Using Distinctive Digital Traces To Evaluate Non-Obvious Links And Repetitions

Timothy Bollé discusses his research at DFRWS EU 2018.

Timothy: Hello. I am Timothy Bollé. I am currently doing my PhD at the School of Criminal Justice in the University of Lausanne, with Professor Eoghan Casey. And I’m going to discuss the usage of computed similarity of distinctive digital traces to evaluate non-obvious links and repetitions in cyber-investigations.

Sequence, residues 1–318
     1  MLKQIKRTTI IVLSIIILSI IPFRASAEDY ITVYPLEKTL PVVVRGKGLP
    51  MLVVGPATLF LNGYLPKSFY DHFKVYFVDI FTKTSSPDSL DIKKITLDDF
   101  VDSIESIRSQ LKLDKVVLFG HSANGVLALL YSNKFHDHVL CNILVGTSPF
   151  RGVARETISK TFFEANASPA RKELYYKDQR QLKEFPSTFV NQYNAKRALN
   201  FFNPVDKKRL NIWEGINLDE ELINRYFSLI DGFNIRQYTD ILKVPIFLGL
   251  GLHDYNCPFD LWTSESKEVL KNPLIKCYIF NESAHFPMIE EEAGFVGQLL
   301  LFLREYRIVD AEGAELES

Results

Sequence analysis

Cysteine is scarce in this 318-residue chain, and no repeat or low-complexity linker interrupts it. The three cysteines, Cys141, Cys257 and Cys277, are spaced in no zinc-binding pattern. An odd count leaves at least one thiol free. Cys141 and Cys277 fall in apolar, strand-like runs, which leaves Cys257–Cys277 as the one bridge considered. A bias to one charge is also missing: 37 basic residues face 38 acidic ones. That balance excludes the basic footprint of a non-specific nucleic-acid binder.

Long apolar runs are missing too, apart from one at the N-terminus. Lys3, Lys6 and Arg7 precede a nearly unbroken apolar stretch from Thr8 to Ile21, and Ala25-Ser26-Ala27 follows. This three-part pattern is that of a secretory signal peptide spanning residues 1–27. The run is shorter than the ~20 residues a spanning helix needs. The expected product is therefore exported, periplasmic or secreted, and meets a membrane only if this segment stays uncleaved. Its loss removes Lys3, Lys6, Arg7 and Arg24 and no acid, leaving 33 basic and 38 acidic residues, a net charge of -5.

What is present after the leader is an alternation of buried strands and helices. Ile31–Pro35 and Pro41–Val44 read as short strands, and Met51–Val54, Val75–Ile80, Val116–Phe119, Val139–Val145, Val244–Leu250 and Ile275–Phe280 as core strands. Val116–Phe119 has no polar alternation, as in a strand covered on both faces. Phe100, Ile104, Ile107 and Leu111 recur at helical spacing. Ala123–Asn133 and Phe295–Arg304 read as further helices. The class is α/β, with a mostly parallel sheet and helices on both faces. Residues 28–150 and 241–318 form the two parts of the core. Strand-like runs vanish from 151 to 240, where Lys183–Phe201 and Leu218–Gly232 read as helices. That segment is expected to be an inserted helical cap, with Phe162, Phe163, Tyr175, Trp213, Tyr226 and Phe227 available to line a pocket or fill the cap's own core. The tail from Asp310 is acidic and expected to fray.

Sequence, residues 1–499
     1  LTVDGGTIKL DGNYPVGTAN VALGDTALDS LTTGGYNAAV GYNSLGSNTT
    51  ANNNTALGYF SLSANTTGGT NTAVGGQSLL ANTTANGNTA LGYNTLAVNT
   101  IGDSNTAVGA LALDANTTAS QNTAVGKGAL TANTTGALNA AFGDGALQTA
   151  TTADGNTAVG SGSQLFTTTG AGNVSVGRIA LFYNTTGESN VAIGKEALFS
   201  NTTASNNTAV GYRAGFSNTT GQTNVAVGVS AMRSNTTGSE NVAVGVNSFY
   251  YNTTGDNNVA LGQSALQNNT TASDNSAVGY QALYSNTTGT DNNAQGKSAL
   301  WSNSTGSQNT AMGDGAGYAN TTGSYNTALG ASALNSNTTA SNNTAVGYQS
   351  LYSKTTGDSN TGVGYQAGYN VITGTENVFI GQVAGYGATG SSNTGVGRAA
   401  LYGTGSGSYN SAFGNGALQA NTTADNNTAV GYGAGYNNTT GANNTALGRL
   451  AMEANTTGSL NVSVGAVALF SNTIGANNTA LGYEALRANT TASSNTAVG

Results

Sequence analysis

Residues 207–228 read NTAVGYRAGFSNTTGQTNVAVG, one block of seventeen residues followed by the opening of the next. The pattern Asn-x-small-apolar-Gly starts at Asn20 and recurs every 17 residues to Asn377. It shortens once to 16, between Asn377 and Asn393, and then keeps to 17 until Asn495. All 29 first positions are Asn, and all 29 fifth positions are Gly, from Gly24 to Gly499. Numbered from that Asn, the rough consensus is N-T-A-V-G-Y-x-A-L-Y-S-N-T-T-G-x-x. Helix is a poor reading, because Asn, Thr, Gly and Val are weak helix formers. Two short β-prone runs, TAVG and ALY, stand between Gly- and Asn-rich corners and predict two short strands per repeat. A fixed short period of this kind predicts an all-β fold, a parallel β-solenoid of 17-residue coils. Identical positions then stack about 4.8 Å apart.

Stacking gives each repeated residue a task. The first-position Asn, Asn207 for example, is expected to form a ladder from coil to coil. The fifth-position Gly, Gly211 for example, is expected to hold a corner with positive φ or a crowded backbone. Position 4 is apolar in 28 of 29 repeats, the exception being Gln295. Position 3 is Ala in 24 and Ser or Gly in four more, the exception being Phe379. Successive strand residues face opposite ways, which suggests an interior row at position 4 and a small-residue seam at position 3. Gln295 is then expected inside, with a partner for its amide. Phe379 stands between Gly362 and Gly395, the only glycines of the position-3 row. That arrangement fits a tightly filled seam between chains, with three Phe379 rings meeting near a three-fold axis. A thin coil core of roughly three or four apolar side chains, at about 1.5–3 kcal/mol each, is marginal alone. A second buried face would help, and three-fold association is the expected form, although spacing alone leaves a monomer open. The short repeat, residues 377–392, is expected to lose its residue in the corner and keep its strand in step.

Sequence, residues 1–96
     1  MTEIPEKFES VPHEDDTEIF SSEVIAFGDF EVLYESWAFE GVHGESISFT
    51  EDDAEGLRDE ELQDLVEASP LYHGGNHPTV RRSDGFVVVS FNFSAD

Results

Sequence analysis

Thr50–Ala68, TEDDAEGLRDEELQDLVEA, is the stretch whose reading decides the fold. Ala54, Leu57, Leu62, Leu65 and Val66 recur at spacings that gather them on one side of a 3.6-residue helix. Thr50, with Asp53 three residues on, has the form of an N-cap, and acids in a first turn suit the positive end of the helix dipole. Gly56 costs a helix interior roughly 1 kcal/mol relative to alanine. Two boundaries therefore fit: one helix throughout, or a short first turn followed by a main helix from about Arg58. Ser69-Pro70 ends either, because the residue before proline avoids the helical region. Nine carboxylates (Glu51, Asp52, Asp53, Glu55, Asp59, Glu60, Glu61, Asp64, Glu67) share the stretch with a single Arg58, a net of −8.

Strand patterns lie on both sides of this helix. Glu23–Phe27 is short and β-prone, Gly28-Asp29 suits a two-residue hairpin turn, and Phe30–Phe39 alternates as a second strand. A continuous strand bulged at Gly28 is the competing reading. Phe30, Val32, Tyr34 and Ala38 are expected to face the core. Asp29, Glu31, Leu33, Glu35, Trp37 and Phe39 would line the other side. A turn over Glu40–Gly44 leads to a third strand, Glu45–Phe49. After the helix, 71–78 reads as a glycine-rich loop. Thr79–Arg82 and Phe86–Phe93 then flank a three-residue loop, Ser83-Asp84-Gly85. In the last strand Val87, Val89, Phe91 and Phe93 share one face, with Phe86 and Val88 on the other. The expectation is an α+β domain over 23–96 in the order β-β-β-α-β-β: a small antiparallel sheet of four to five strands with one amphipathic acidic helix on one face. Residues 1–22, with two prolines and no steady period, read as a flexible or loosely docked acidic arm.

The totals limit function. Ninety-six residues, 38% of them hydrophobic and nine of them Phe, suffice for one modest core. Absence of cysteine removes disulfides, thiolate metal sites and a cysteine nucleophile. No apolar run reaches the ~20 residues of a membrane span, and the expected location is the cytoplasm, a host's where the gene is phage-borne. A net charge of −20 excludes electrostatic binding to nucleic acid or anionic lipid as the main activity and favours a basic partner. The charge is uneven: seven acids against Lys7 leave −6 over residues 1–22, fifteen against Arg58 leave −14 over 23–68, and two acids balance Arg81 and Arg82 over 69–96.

Just as a quick introduction: The online crimes are repetitive by nature, because there is a lot of victims to reach and because there is a low risk of being identified or apprehended. This repetition can be found as crime series, so it will be the same offender or same group of offenders that will commit multiple crimes. Or, as crime patterns, like hotspots or repeated victimization. To find this repetition, we can use forensic data, like traces, and also, more situational information, like modus operandi description or spatiotemporal information.

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